Art museum

The Louvre in Paris, France, was the most visited art museum in the world in 2016.
The National Gallery of Art, Washington DC.

An art museum or art gallery is a building or space for the exhibition of art, usually visual art. Museums can be public or private, but what distinguishes a museum is the ownership of a collection. Paintings are the most commonly displayed art objects; however, sculptures, decorative arts, furniture, textiles, costumes, drawings, pastels, watercolors, collages, prints, artist's books, photographs, and installation art are also regularly shown. [1] Although primarily concerned with providing a space to show works of visual art, art galleries are sometimes used to host other artistic activities, such as performance arts, music concerts, or poetry readings.

Types of galleries

The Gallery of Cornelis van der Geest, Willem van Haecht, 1628. A private picture gallery as an early precursor of the modern museum.

The term relates to public and private institutions. Public galleries are non-profit or public museums displaying selected art collections. Private galleries refer to commercial enterprises for selling art. However, both types may host traveling exhibits or temporary exhibitions including art borrowed from elsewhere.

In broad terms, in North American usage, the word gallery alone often implies a private gallery, while a public gallery is likely an art museum. In British and Commonwealth usage, the word gallery alone implies a public gallery, which is distinguished from a private or commercial gallery, and the word museum alone is understood to refer to institutions holding collections of historic, archaeological or scientific artefacts, rather than fine art.

Galleries in museums

The rooms in museums where art is displayed for the public are often referred to as galleries as well, with a room dedicated to Ancient Egyptian art often being called the Egyptian Gallery, for example.

Contemporary gallery

The term contemporary art gallery refers to a private for-profit commercial gallery. These galleries are found clustered together in large urban centers. Smaller cities are home to at least one gallery, but they may also be found in towns or villages, and remote areas where artists congregate, e.g. the Taos art colony and St Ives, Cornwall.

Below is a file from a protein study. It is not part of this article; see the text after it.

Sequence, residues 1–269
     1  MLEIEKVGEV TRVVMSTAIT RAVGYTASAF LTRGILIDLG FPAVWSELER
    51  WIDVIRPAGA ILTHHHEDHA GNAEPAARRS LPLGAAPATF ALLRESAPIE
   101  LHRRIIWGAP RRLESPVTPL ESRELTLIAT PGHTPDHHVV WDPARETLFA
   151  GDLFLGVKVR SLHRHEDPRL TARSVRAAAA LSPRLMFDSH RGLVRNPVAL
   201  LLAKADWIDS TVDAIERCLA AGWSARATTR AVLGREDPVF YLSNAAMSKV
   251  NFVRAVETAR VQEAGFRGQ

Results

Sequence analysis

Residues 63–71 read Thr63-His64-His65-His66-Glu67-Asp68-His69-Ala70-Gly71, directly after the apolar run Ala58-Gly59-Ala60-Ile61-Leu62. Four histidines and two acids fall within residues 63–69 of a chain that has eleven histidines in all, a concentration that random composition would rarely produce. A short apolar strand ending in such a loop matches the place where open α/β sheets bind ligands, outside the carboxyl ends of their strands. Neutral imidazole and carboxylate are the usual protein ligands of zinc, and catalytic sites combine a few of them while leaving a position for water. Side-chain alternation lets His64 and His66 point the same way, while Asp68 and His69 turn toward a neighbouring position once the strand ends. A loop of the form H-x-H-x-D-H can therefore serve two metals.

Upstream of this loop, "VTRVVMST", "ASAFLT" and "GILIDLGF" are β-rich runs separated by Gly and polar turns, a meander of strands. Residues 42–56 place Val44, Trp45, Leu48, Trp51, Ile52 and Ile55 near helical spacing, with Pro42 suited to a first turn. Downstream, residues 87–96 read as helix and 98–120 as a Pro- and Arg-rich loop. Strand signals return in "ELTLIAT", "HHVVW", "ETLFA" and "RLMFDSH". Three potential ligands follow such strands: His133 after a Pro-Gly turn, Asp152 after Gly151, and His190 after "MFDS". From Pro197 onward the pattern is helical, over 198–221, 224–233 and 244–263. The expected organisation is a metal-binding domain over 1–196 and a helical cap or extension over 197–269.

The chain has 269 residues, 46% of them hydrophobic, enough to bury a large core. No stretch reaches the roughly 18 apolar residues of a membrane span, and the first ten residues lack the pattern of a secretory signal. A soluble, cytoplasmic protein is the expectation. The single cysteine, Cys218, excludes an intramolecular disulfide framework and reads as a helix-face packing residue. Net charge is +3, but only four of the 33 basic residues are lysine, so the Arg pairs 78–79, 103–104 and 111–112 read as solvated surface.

Contemporary art galleries are often open to the general public without charge; however, some are semi-private. They profit by taking a portion of art sales; twenty-five to fifty per cent is typical. There are also many non-profit or collective galleries. Some galleries in cities like Tokyo charge the artists a flat rate per day, though this is considered distasteful in some international art markets. Galleries often hang solo shows. Curators often create group shows with a message about a certain theme, trend in art, or group of associated artists. Galleries sometimes choose to represent exclusive artists, giving them opportunities for regular shows.

A gallery's definition can also include the artist cooperative or artist-run space, which often (in North America and Western Europe) operates as a space with a more democratic mission and selection process. Such galleries have a board of directors and a volunteer or paid support staff who select and curate shows by committee, or some kind of similar process to choose art often lacking commercial ends.

Vanity galleries

A vanity gallery is an art gallery charging fees from artists to show their work, much like a vanity press does for authors. The shows lack legitimate curation and often include as many artists as possible. Most art professionals are able to identify them on an artist's resume. [2]

University museums and galleries

University of Tartu Art Museum is the oldest museum in Estonia.

University art museums and galleries constitute collections of art developed, owned, and maintained by all kinds of schools, community colleges, colleges, and universities. This phenomenon exists in the West and East, making it a global practice. Although overlooked, there are over 700 university art museums in the US alone. This number, compared to other kinds of art museums, makes university art museums perhaps the largest category of art museums in the country. While the first of these collections can be traced to learning collections developed in art academies in Western Europe, they are now associated with and housed in centers of higher education of all types.

Other Languages
Alemannisch: Kunstmuseum
العربية: متحف فني
Bân-lâm-gú: Bí-su̍t-koán
беларуская: Мастацкі музей
català: Galeria d'art
čeština: Galerie umění
Deutsch: Kunstmuseum
Esperanto: Arta muzeo
euskara: Arte galeria
فارسی: موزه هنری
français: Musée d'art
Gaeilge: Dánlann
贛語: 美術館
한국어: 미술관
Հայերեն: Պատկերասրահ
हिन्दी: चित्रशाला
Bahasa Indonesia: Museum seni
íslenska: Listasafn
עברית: גלריה
македонски: Ликовен музеј
日本語: 美術館
саха тыла: Уус-уран түмэл
Simple English: Art museum
suomi: Taidemuseo
svenska: Konstmuseum
Türkçe: Sanat müzesi
українська: Художня галерея
粵語: 美術館
中文: 美術館